Sunday, August 10, 2014

HR - Change is coming

"It’s time to say good-bye to the Department of Human Resources. Well, not the useful tasks it performs. But the department per se must go."  Ram Charan, HBR July 2014

Every now and then you might read an article that gives you genuine food for thought. This happened to me last month when I read the one page HBR article, titled 'It's Time to Split HR' by Ram Charan. To be honest though I think I may be in the minority when I viewed the various defensive and HR apologists comments on the online article.

With the apologists in mind, I am most likely being optimistic in suggesting that my proposal, that I will call 'Building On Charan's Idea 2.0', is also given due consideration.

Charan's proposal is to eliminate the Chief Human Resources Officers and split the HR function into two, namely:
  1. HR-A (for Administration): "would primary manage compensation and benefit. It would report to the CFO"
  2. HR-LO (for leadership and Organisation): "would focus on improving  the people capability of the business and would report to the CEO"
The driver behind Charan's proposal is that CEO's disappointment in the HR function are borne out of the fact that the department it is staffed by employees who have not worked on the front line and do not understand the operational complexities of managing a business unit, division, business or company.

I agree with this!

And because I agree with this I am proposing a potentially more radical solution - merge the HR-LO into the line management and not have it as a separate reporting line. The Chief Marketing Officer should take the responsibilities of the HR-LO for Marketing. Likewise the National Sales Manager should take the responsibilities of the HR-LO. Don't pull line managers out of their operational role, bring the HR Leadership and Organisation into their role. The role of the HR-A will be an administrative support function. It does not get a seat at the table. However the capability is critical in making sure those line managers with the HR-LO responsibilities have the available tools to execute the role efficiently. This proposal is a high level outline and no doubt the naysayers will be vocal.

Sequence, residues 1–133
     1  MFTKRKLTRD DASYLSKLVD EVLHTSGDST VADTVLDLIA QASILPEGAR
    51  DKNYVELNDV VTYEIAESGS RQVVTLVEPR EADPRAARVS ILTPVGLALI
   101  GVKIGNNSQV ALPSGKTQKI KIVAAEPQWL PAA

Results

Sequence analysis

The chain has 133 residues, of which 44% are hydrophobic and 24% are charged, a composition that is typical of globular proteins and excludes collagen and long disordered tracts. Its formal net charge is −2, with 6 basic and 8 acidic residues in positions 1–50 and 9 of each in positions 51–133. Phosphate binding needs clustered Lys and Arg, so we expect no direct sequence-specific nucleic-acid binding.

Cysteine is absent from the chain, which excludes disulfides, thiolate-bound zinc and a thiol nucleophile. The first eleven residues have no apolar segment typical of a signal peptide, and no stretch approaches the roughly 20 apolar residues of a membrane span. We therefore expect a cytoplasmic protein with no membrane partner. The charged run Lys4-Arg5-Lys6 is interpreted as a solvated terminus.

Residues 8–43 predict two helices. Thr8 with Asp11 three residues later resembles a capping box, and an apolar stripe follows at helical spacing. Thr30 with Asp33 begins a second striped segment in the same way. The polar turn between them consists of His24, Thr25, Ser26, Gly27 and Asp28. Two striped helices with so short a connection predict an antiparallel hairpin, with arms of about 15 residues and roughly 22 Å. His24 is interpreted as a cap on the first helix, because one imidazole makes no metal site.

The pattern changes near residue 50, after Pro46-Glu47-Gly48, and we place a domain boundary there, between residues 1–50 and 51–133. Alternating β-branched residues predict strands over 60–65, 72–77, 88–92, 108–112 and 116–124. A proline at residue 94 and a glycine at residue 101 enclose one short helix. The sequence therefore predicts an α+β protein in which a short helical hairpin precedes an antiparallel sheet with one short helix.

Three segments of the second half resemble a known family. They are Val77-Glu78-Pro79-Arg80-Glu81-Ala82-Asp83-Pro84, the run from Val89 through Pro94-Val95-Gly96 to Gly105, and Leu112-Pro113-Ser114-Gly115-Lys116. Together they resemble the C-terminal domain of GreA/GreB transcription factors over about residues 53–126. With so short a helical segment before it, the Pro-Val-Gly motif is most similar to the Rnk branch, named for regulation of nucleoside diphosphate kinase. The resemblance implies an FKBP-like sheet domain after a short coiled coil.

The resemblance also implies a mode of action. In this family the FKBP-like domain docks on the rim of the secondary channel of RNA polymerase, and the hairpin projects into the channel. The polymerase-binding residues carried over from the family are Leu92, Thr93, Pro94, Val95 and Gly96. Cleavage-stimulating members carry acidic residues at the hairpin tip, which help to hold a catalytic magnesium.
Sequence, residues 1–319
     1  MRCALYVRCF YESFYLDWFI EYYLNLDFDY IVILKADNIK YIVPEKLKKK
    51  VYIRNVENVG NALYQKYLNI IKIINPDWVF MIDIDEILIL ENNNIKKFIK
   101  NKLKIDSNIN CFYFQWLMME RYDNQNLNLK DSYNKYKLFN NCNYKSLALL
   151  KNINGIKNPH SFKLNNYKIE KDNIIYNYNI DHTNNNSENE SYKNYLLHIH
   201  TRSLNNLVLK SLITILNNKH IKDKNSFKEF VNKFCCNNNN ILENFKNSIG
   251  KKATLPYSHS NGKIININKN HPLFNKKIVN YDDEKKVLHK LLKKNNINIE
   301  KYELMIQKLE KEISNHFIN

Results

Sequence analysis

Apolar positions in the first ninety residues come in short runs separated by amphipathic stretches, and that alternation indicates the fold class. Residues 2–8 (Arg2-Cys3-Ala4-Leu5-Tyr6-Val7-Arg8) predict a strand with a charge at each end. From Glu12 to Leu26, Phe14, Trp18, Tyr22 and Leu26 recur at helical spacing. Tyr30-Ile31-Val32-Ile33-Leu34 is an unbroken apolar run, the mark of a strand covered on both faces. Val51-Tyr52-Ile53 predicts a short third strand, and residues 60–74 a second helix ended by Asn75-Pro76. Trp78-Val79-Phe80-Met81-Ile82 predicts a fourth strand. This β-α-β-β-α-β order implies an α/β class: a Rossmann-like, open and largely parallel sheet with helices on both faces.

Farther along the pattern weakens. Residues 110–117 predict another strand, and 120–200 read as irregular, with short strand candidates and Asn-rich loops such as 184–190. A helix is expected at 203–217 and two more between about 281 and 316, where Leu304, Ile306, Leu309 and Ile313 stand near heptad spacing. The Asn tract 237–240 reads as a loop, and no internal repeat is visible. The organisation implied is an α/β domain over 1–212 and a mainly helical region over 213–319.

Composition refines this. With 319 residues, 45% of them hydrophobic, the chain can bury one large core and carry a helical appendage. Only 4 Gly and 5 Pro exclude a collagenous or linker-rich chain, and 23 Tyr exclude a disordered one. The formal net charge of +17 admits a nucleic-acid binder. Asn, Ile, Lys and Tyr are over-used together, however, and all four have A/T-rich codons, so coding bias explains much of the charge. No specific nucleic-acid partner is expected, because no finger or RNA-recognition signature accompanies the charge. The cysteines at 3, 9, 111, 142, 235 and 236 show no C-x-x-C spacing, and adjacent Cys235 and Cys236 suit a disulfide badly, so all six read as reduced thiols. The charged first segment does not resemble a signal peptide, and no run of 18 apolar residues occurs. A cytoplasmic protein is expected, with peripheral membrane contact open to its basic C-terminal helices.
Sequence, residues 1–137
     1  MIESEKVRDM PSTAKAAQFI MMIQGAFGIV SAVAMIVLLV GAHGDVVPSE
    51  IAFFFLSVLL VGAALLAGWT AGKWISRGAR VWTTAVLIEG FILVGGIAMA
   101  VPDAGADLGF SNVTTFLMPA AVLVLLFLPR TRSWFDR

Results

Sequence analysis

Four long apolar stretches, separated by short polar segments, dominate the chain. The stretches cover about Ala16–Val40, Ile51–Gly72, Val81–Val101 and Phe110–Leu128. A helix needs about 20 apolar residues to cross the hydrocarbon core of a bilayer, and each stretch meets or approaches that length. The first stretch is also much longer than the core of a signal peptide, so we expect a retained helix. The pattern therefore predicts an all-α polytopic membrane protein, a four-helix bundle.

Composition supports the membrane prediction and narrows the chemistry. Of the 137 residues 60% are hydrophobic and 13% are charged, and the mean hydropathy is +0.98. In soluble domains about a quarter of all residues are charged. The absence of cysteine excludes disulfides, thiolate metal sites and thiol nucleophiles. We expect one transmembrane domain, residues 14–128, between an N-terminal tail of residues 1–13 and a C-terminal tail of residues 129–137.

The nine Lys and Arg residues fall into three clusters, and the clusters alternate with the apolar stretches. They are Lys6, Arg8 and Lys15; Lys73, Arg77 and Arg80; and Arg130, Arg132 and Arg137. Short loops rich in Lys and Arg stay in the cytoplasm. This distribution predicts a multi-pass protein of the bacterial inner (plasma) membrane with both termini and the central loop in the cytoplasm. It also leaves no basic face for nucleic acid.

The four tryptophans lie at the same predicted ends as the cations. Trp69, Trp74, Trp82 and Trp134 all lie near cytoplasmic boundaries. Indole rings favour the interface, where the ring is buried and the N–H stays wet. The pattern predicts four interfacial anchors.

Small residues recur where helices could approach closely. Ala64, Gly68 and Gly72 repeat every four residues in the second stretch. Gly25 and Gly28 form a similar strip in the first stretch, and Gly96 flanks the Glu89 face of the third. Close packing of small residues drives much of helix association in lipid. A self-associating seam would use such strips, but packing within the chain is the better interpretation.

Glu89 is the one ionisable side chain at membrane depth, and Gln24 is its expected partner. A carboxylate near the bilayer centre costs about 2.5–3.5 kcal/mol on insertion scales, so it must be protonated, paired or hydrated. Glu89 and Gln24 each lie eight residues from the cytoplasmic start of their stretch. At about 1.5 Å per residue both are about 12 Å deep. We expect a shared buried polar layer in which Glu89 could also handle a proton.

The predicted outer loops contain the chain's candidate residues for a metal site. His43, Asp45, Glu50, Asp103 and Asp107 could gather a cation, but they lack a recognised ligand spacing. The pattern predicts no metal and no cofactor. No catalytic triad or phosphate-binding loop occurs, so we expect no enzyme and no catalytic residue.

A number of organisations have tried this in parts however I have yet to see it successfully implemented. Issues I see around the reason for failure are that CEO's are often reluctant to let go of their CHRO due to the fact that:
  1. The CHRO is often seen as a "trusted adviser".
  2. The thought of making line managers responsible for the LO function is politically unsavory due to the backlash many may see as a burden on their already strained workload.
My view is simple. You either accept the status quo as positive for your business or you make fundamental change. It is simply not acceptable to keep lamenting on the inadequacy of an entire organisational function yet at the same time not adopt a model for change. CEO's, Managers and Bloggers alike need to stop bashing HR. The department is an easy target. It's time those that do bash HR stand up and take on the HR-LO responsibilities and bring the front line operational thinking and capability to the most important part of any organisation, people.